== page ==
KEYSTONE CROSSROADS — Before Tamaqua School District Sophomore Madelyn Jones went to school on Wednesday, she asked her mom a question.
“Is it really possible that teachers will be carrying guns in school tomorrow?” she said.
When her mom said, ‘Yes,’ Jones hatched a plan.
“I was like, ‘Just so you know, if I find out there is a gun in my classroom with my teacher, I am going to ask to leave that room immediately because I do not feel safe.'”
Jones was referring to Tamaqua’s school security plan to arm teachers anonymously.
Tamaqua was the first school district in Pennsylvania to pass a policy to let teachers carry guns, but the school board put the idea on hold in January pending the outcome of separate lawsuits from parents and teachers.
But in the course of a school board meeting this week, board president Larry Wittig revealed that the policy is back in effect — and has been for several weeks, without public announcement.
The news came after parent Cheryl Tennant-Humes, who splits her time between Schuylkill County and New Jersey and is running for the Tamaqua School Board, asked the board what she thought was an innocuous question: If contested policy is suspended, what is governing school security now?
Wittig replied, “We suspended it pending the outcome of the litigation. Considering that both lawsuits are thrown out, we don’t consider it suspended anymore.”
But the plaintiffs say the court battle is far from over. In fact, it’s still in the preliminary stages, during which the judge decides whether the plaintiffs have standing to sue. The judge did dismiss both initial complaints, but gave plaintiffs a deadline to file an amended complaint.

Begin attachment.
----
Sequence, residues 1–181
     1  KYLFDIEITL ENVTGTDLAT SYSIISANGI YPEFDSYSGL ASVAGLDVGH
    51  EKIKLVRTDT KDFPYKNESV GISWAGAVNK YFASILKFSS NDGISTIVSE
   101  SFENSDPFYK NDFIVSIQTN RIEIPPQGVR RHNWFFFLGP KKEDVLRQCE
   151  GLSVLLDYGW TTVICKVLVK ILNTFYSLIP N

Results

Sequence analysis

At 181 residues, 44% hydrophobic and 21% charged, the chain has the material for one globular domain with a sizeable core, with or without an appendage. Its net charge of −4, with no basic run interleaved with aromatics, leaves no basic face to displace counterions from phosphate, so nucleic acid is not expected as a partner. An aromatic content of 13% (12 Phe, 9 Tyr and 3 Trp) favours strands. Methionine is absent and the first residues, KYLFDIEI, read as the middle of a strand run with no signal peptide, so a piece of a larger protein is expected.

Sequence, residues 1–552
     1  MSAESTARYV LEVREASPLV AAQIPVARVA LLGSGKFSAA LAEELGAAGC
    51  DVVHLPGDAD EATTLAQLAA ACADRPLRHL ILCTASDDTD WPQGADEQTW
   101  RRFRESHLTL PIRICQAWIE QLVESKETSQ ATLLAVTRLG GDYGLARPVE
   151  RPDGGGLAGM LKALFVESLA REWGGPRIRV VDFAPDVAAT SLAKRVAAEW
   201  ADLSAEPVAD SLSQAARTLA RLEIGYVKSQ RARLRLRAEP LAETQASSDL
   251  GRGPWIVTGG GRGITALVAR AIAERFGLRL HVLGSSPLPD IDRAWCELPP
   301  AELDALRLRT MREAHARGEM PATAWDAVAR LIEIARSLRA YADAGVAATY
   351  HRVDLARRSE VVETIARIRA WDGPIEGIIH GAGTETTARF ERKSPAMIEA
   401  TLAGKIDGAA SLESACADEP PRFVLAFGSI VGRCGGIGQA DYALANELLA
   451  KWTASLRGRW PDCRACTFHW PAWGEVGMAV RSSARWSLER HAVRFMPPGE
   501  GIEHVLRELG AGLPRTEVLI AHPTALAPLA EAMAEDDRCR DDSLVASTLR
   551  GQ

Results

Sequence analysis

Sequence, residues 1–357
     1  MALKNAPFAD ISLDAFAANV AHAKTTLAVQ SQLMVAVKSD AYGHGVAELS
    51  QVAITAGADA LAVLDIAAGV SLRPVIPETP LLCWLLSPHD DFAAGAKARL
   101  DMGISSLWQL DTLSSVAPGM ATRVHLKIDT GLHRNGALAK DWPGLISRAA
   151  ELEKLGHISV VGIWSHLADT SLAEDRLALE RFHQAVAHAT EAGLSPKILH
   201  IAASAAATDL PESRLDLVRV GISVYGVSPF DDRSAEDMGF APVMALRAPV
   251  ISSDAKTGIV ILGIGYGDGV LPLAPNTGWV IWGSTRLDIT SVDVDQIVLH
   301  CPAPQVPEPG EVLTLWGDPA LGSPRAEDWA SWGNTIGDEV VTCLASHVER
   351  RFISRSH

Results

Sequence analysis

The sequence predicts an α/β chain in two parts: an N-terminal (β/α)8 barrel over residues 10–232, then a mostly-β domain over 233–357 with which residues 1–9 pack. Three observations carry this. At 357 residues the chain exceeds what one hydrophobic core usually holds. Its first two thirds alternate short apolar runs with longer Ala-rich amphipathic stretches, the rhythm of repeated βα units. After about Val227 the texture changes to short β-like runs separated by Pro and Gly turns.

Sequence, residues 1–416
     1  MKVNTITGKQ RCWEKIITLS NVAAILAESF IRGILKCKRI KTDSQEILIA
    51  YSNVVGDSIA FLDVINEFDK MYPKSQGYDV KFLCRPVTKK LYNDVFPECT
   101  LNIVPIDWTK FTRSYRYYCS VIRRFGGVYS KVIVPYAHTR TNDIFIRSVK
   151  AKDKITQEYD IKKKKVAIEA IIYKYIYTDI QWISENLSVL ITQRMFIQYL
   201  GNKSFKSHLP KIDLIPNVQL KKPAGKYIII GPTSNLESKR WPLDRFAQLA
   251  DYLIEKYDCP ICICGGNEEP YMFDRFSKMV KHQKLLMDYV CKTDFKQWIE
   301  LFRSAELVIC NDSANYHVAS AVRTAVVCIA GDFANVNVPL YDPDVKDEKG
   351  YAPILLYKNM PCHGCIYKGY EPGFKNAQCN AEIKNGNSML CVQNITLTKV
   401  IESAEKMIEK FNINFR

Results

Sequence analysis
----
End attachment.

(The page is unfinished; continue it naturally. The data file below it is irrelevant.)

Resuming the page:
The teachers union has already done so, and the parents who sued will file their complaint soon, according to their attorney, Martin Black.
Reached for comment, Wittig said it was his understanding that the cases had worked their way through Schuylkill County courts. A lawyer for the school district declined to comment.
At Tuesday’s meeting, Wittig would not say whether teachers are already carrying firearms in the school.
“We are not going to answer any specifics about the policy or implementation,” Wittig told the meeting.
Later, Wittig said the response to his announcement was overblown.
“We didn’t immediately run out and start training teachers, that’s absurd,” he said.
Supporters of the plan say the element of surprise is a crucial to the idea’s success.
“They don’t know if everybody’s carrying, or nobody’s carrying,” Wittig said of a potential perpetrator. “That’s exactly the question that will never be answered, because it defeats the purpose.”
The lack of details, though, worries some parents and students — leaving them speculating about teachers who may already be armed in the school.
“If a parent doesn’t even know if a child is in a room with a loaded weapon, they cannot then ask that their child not be in a room with a loaded weapon,” resident Tracy Perry said.
On Wednesday morning, some parents were considering keeping kids home from class. Aimee Dotson planned to write a note that said her daughter “was unable to attend school due to the lack of transparency from our school board.” But her daughter didn’t want to miss state testing, so off she went.
Other parents were happy to see the policy move along.
“I’m obviously thrilled,” said Jessica Tirpak, who has three children in the district. “I want to move forward. I want my children who I send out the door every day to be safe. There’s nothing else to keep my children safe but a staff member in the school, armed.”
The policy will be a crucial issue in Tamaqua’s upcoming school board race. Wittig and two other incumbents are up for re-election, and candidates hope to make this issue a referendum.
Keystone Crossroads is a statewide reporting collaborative of WITF, WPSU and WESA, led by WHYY. This story originally appeared at https://whyy.org/programs/keystone-crossroads/.